Noteworthy sculptures was another theme of our travels. The St. Louis Art Museum offered an extraordinary Andy Goldsworthy of twenty-five tightly packed limestone arches each ten feet high in a courtyard between the new wing and the old entitled "Stone Sea." A New Orleans sculpture garden included a giant safety pin by Claes Oldenburg. The downtown St. Louis City Museum contained a mass of contorted sculpture extravaganzas inside and out, including slides for children of all ages, that left Janina gasping in wonderment.
Not a day passed that we didn't have at least one encounter with a fascinating character who we couldn't stop talking about as we drove along. There was so much to discuss and digest, we rarely turned on the radio. We met so many kindly librarians, Janina regretted she hadn't shot portraits of all of them at their desks or in front of their stacks. It would have made a fine gallery, worthy of any museum.
When we stopped at a pecan orchard in Oklahoma just across the border from Texas to buy a couple pounds of pecans, the wife of the husband-wife owners so appreciated our interest she gave us a half-hour tour of their operation. Pecans are the American nut, grown no where else in the world. Two-thirds of their 150,000 pound harvest had been bought by the Chinese. Their 17,000 tree orchard is so beautiful, weddings are regularly conducted there.
Though this was by no means a Carnegie-quest, we managed to stop off at twenty-one of them, at least one in seven of the eight states we passed through, all but Kentucky. It was the first time I had visited a Carnegie in Mississippi, Louisiana and Oklahoma, bringing my total to 23 of the 48 states with a Carnegie. That puts me near the half-way mark, but I'm well below the half-way mark of Carnegies in the US, having gotten to only 218 of the 1,689 so far.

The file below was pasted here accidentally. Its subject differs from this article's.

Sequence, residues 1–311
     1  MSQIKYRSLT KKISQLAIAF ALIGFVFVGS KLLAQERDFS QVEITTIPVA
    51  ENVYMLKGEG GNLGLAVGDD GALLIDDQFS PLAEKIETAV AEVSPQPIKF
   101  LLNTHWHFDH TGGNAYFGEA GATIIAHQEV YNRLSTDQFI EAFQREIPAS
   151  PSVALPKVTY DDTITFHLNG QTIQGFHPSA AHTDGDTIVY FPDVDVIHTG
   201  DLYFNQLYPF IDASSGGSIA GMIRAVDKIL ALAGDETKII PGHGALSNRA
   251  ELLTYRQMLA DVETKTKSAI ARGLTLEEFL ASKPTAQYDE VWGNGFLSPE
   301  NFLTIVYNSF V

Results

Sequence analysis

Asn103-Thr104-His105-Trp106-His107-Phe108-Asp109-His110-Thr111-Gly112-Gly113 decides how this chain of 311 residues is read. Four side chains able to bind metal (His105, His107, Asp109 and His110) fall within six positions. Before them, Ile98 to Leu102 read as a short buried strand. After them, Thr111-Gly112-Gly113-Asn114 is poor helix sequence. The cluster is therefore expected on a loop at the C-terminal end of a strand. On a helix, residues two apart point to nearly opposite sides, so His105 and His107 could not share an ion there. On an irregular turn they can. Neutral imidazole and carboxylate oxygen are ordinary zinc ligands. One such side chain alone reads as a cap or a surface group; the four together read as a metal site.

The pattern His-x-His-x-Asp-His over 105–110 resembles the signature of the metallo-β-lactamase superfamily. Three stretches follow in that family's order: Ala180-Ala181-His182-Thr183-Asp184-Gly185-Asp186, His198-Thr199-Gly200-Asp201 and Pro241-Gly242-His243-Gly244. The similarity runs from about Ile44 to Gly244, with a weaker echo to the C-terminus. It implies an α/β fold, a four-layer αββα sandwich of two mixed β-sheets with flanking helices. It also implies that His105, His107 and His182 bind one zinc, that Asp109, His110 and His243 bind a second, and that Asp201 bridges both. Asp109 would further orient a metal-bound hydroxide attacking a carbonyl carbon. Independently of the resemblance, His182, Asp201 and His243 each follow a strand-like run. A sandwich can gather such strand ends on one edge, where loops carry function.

Janina has become infected by my Carnegie obsession and admitted that it almost seemed as if each Carnegie we came upon was more magnificent than the last. Each distinguishes itself in some stately manner, proudly emanating a quiet dignity that immediately gives one a jolt of uplift the moment one spots it. Each stands eminently above all other buildings near and far.
Last Sunday Janina and I were able to string four of them together as we made our exit from Texas, angling northeast across the state to Caddo Lake State Park, home to the state's only natural lake. It being a Sunday, none of the libraries were open. Our first was in Bryan, just north of College Station and Texas A&M. We had no address for the library, just the confidence it would be near the town center, as most are. It is far more satisfying to be seeking the recognizable features of a Carnegie than to be seeking an address. After bisecting the center of Bryan on its main east-west artery and not spotting it, we headed south on its other axis and there it sprung up in four-pillared grandeur with "Carnegie Public Library" ornamenting its facade.
We sat on a bench in front and tapped into its WIFI for our first Internet check of the day. After soaking up its eminence for several minutes we went across the street to a hotel cafe for Janina to fill her mini-thermos with coffee. Then it was on to Franklin. The town was on the fringe of the highway. We didn't even realize we had reached Franklin when Janina's eye caught the features of a building that had the aura of a Carnegie. Indeed it was. As with Bryan's, it had not been added on to and its facade prominently identified it as a "Carnegie Library." It was uncharacteristically several blocks from the town center, truly standing apart and above all the other buildings in the town.